Businesses urged to invest in Atlantic City
Reuben Kramer, The Press of AC
ATLANTIC CITY — About 130 South Jersey business people hadn’t even taken their seats in a Sheraton ballroom Tuesday before they were reminded that the city’s cash crisis isn’t the only threat to the region’s economy.
On each of their chairs was a sign-up sheet urging them to join the No North Jersey Casinos Coalition, a project of the Chamber of Commerce of Southern New Jersey, which hosted a pair of panels Tuesday on Atlantic City’s future.
The opening panel, in which Mayor Don Guardian and state Sen. Jim Whelan, D-Atlantic, offered starkly opposing views on how the city should address its liquidity woes, was followed by a sunnier one in which Nick Talvacchia, an attorney at Cooper Levenson who secures state subsidies for businesses looking to open here, argued that despite the doom and gloom, the city is ripe for private investment.
Land is cheap. Tax incentives, through the state’s Economic Redevelopment & Growth and Grow NJ programs, are plentiful. And the Atlantic City Development Corp., a private company that spends public dollars, is poised to break ground on a $210 million project in the city’s Chelsea section.
That project, which includes a Stockton University satellite campus and headquarters for South Jersey Gas, attracted Michael Shaner, an account executive with an audio-visual services firm in West Chester, Pennsylvania, to Tuesday’s panel discussions.
“I’m here to see these folks and get my name on the bid list,” said Shaner, a Virginia transplant who was particularly interested in getting some face time with Atlantic City Development Corp. President Christopher Paladino.
The Development Corp. gave a no-bid contract to Joseph Jingolo & Son, who was named construction manager of the Chelsea project, but insists it will competitively bid virtually all other contracts for work and materials.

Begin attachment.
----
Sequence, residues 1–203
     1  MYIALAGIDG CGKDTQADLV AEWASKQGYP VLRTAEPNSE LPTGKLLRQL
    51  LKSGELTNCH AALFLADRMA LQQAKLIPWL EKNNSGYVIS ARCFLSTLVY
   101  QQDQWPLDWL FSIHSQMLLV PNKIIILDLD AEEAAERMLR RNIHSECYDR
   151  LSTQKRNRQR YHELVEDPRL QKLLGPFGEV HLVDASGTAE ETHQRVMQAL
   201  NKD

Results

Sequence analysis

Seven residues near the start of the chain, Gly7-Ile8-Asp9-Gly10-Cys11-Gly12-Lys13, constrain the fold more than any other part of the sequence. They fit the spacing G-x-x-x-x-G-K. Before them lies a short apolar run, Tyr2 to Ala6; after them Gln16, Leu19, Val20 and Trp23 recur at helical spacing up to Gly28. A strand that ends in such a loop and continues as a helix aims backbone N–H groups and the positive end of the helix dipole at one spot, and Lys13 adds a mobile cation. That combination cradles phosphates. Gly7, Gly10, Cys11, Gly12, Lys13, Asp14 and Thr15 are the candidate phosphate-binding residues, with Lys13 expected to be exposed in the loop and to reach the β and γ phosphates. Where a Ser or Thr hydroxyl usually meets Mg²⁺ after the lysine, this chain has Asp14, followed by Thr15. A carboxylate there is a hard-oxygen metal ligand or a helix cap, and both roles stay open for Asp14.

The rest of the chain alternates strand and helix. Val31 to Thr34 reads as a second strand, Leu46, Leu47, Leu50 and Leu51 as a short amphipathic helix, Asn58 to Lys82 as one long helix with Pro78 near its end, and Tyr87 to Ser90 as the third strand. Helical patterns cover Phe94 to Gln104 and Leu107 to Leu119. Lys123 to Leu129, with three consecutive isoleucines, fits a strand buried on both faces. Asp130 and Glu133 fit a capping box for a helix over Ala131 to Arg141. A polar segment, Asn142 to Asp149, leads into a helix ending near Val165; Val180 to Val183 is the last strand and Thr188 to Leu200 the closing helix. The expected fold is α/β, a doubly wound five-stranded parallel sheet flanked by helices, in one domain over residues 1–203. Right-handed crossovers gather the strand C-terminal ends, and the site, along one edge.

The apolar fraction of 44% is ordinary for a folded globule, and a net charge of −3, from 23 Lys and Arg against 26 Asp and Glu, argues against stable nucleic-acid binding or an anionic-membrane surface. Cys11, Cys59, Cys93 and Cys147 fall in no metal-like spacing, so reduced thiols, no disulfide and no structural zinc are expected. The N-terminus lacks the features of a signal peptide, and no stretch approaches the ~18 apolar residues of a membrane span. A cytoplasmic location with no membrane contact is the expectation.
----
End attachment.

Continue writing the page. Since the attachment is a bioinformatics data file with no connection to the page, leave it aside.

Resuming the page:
Gabe Staino, a senior development officer with Bacharach Institute for Rehabilitation in Galloway Township, said Atlantic City, with its bottomed-out but beautiful beachfront real estate, is “a great starting place to build.”
“You just have to get to a place where the government gets right-sized,” he said, adding that the city must start narrowing its $100 million budget deficit and, ultimately, lower the property-tax rate.
Atlantic City’s casino industry underwent that right-sizing in 2014, when four of 12 casinos closed; earlier this month all the surviving halls posted 2015 operating profits.
“Businesses will figure it out a lot quicker than government,” Staino said.
It quickly became apparent during Tuesday’s opening panel that little had been resolved in addressing the city’s collapsing finances.
David Galloway, who came to the Sheraton to network for Pennsauken-based security firm Independent Alarm, said the tension between Whelan and Guardian was palpable.
“I thought they were going to hit each other,” he said.
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